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In the ten years since the financial crisis, housing markets have recovered, stock markets have eclipsed their prior highs, and the U.S. economy is on the cusp of its longest expansionary period to date. Despite these remarkable gains, the emotional impact of the financial crisis remains in the forefront of many investors’ minds, leading to irrational concerns of the crisis repeating – a phenomenon referred to as the availability bias. Despite the rare nature of the financial crisis, the fact that it is so easily recalled, or “available,” results in people overestimating the likelihood of a subsequent similar event. In this economic memo, we seek to ameliorate these fears. We begin with a review of current housing market conditions, discuss the rationale of our recent investment in homebuilders, and conclude with our outlook for housing and homebuilders.
The Bay Area perspective on the housing market is distorted due to soaring prices and affordability issues locally. The fundamentals of the national housing market remain healthy – affordability is improving, mortgage rates are falling, and existing housing supply and starts are trending below long-term averages.
Affordability measures the ratio of the median family income to the mortgage cost of a median priced home. At its current level, it indicates the typical family has 155% of the income necessary to qualify for a mortgage on a median priced house, well above pre-financial crisis levels and an indication that housing is still readily affordable for many Americans. Falling mortgage rates have driven the recent improvement in affordability. The interest rate on a 30-year fixed rate mortgage fell recently after the Federal Reserve indicated that it is halting interest rate increases while it assesses the underlying health of the economy. The supply of housing on the market and monthly housing starts remain below long-term averages and pre-crisis levels, further supporting our view that housing prices will continue to see modest growth.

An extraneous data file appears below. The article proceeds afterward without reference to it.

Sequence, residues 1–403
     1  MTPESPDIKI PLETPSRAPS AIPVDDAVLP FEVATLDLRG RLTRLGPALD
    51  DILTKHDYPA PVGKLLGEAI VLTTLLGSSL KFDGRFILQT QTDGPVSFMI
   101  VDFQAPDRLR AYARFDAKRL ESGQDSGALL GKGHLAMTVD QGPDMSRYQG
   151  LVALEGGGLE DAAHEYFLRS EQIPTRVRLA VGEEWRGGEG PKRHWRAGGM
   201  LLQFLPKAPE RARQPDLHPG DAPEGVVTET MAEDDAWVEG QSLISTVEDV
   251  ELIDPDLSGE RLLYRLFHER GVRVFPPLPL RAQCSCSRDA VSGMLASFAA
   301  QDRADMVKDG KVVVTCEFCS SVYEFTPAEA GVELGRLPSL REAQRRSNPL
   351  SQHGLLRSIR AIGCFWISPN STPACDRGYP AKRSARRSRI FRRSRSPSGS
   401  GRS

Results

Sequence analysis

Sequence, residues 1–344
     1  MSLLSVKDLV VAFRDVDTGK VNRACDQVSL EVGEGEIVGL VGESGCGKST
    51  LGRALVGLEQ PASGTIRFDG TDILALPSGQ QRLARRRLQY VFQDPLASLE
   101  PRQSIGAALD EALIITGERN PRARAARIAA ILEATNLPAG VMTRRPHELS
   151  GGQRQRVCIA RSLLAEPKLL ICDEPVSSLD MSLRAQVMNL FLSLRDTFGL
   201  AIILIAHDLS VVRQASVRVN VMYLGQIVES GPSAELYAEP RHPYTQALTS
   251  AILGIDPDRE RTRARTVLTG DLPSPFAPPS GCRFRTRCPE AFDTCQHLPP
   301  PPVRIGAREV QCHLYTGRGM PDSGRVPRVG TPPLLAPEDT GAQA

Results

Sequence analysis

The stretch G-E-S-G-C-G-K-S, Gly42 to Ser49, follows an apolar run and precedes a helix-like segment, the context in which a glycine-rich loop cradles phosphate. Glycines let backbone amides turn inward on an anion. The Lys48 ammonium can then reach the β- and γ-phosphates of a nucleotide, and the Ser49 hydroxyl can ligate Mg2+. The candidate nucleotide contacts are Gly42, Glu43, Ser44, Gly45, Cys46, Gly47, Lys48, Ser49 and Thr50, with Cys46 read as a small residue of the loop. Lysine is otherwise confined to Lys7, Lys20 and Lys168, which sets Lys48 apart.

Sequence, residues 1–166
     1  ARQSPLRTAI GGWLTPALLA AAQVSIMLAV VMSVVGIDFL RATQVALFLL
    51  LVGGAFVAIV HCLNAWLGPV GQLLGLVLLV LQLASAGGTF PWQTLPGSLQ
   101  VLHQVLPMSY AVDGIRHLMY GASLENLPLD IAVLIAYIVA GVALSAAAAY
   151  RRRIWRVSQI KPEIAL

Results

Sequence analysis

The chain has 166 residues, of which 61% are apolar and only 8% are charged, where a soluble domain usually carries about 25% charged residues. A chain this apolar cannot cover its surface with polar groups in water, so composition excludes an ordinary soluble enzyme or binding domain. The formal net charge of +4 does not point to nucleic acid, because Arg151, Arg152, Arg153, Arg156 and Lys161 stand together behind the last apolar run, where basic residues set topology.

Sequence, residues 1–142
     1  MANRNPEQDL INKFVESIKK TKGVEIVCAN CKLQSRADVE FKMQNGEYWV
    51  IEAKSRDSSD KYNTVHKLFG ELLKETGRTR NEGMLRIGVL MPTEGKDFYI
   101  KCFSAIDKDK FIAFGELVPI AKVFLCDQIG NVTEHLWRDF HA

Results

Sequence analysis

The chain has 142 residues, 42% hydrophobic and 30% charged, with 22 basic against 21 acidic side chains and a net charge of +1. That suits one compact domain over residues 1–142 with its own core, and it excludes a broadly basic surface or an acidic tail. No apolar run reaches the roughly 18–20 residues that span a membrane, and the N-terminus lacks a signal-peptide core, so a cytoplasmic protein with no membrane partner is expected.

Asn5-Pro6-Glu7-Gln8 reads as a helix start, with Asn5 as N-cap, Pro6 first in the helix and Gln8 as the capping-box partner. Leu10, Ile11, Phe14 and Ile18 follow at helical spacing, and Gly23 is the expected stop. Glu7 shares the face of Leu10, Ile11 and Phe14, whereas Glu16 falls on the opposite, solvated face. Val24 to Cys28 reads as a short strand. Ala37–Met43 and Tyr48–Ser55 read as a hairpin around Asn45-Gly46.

A further differentiator between today’s housing market and the pre-financial crisis market is that price gains today are not as broad based as before. Today, significant price appreciation is primarily confined to locations with supply constraints such as geographic limitations or permitting issues (e.g. San Francisco); whereas, areas without these constraints (e.g. Las Vegas, Phoenix) have experienced more moderate appreciation with prices still well below their inflation adjusted peaks, as shown in Chart 1. On an inflation adjusted basis, housing prices in San Francisco are just 3% below their prior peak, while Las Vegas and Phoenix are more than 30% below. Additionally, as shown in Chart 2, per-capita debt levels are generally much lower today than they were in the lead up to the financial crisis.
Immediately preceding the financial crisis, increasing housing prices led to increasing consumer debt levels, creating a dangerous negative feedback loop with disastrous results. We are not seeing this dynamic in the current market. Given the healthy market indicators noted above and the more sustainable consumer debt levels, we remain confident that the housing market will continue to see pricing gains.
In late October, we invested in this positive outlook by adding exposure to homebuilders in our real estate holdings. We took advantage of the fourth quarter selloff in homebuilding stocks to initiate a position in the industry while valuations were at the lower end of their historical ranges. We expect improving home affordability and low interest rates will lead to a solid selling season this spring, helping homebuilders increase the number of homes delivered this year versus last year.
Homebuilding stocks in the first quarter had their best quarter since 2012. The industry’s rally has been driven by better than expected financial results and guidance coupled with declining mortgage rates. Even with the strong performance year-to-date, the industry still trades at a discount to average historical valuations and we believe there is still upside for homebuilders in this generally healthy housing market.
Despite our positive outlook, the increasingly dour headlines about the San Francisco Bay Area market and the indelible pain of the financial crisis are sure to cause a certain level of anxiety. We continue to highlight that the national housing markets are healthy with many showing stronger fundamentals than were seen before the financial crisis. We believe low mortgage rates, increasing affordability, and a strong labor market will lead to reasonable gains near-term. Over the longer-term, when a housing correction inevitably does occur, we expect it will be more analogous with the mid-90’s, when prices declined 10%-15% in real terms, rather than with the nearly 50% contraction experienced during the financial crisis. When evaluating housing, or any other market, it’s important to keep a long-term perspective and avoid the tendency of easily recalled painful memories driving your decisions.